As children begin school they spend less time with parents, and their friends become more important. Youth begin to create their own identity through what they do, where they go, and who they know. Often teens with low self-esteem or high anxiety will seek a “quick fix” of approval from a peer group. However, if children have been given strategies early in life to deal with tough decisions, they will be able to face these tests with good results.
Early in life, children should be given smaller decisions to make (which shirt to wear, which game to play, how to arrange their room). Children who have been allowed to experiment with and learn that decisions have consequences are better able as teens to make tougher decisions! Parents who always TELL their children what to do and control their behaviour with no choice by the child are preparing their children to listen to others without ever developing an inner voice to guide them for a lifetime.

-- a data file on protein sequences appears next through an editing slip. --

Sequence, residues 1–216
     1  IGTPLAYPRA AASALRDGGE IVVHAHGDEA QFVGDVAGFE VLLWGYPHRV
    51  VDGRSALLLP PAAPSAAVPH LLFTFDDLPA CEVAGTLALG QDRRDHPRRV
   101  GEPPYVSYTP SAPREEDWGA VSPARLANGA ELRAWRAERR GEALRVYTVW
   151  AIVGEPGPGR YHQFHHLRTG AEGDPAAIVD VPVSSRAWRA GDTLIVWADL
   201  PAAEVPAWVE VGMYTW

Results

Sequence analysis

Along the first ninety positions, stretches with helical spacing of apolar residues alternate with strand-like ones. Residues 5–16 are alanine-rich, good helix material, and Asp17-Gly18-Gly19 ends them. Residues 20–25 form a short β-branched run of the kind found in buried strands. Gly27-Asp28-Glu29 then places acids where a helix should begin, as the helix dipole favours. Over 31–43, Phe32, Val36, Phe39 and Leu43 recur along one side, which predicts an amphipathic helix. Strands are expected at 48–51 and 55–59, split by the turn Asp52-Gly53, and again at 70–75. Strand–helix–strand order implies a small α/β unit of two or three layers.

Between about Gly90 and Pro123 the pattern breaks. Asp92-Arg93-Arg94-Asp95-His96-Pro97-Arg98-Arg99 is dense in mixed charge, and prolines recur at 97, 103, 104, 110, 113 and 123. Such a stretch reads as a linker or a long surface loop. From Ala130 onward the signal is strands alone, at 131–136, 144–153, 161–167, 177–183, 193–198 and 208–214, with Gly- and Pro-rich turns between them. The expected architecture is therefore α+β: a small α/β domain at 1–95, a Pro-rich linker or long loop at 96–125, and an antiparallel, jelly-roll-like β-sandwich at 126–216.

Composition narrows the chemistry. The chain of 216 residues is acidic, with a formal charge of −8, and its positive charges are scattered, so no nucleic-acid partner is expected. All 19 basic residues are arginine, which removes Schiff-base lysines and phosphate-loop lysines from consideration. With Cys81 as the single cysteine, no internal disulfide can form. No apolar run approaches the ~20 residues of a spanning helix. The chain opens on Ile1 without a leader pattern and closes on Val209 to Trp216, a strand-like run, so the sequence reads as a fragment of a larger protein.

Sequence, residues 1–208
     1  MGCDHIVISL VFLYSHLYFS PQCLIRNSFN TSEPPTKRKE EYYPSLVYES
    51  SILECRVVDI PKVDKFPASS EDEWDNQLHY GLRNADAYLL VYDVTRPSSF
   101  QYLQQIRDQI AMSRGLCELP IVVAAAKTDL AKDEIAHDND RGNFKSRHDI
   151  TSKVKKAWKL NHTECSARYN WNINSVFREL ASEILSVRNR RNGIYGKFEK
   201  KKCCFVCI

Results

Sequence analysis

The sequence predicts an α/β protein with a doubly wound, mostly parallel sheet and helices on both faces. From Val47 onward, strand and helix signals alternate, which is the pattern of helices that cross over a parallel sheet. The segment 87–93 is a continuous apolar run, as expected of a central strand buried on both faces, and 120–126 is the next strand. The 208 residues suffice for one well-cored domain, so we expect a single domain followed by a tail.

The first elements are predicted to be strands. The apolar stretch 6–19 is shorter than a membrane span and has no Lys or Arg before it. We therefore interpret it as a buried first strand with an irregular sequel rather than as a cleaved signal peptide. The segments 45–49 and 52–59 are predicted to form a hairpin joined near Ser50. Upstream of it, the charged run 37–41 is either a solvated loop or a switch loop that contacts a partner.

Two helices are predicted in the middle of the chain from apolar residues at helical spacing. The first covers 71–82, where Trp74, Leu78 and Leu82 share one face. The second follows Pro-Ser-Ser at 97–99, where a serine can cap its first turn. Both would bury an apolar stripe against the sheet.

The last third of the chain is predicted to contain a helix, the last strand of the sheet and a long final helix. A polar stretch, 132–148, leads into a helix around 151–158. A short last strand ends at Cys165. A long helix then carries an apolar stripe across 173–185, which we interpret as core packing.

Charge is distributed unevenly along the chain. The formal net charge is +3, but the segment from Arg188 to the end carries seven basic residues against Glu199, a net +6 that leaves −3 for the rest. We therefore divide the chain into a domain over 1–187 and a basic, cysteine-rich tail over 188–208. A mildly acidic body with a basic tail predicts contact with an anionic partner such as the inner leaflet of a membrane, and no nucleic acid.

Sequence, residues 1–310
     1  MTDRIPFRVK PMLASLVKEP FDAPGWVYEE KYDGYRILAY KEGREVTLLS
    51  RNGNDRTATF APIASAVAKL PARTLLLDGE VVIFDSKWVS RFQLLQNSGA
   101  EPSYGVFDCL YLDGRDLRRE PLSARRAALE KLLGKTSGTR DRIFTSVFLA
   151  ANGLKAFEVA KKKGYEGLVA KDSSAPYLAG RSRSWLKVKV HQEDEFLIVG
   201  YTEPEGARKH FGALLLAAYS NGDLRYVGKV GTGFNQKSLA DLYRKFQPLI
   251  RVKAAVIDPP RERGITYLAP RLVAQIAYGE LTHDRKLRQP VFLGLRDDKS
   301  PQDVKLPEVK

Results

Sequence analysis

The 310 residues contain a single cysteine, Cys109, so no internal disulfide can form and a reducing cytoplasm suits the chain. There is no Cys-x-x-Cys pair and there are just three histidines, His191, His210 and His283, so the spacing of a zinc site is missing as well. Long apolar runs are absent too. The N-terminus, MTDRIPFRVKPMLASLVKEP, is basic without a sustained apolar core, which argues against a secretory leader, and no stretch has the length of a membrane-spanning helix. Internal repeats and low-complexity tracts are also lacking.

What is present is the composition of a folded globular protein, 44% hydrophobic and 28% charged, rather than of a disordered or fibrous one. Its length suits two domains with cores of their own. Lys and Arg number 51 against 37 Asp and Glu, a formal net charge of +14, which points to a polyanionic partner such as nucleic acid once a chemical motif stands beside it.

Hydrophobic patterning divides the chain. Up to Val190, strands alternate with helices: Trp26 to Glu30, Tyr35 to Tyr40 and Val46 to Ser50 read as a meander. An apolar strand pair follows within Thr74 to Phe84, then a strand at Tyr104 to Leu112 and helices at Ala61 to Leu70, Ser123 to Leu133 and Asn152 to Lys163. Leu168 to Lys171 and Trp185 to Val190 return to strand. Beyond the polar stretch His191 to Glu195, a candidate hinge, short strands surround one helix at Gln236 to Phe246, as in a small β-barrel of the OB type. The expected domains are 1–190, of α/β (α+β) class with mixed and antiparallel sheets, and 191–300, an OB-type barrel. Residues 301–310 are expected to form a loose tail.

Here are some essential tips-:
– Stay involved and connected. Talk and listen to your children. Know their friends, their school experience, and what their world is like. Parents busy with work and children busy with school activities have very little time to interact. That’s why it takes special effort. Here are some suggestions for connecting with your child:
– Be a sounding board. Make it clear that you are willing to listen.
– Use everyday family activities to stay close. Making dinner, running errands, taking a walk can all be turned into quality family time.
– Build in extra time to “check-in” at bedtime. Do not assume your child has outgrown this important bedtime ritual.
– Use notes, bulletin boards, and even e-mail to communicate with each other.
– Get to know your child’s friends by inviting them to your home and on family outings.
Originally posted on June 26, 2006 @ 1:48 am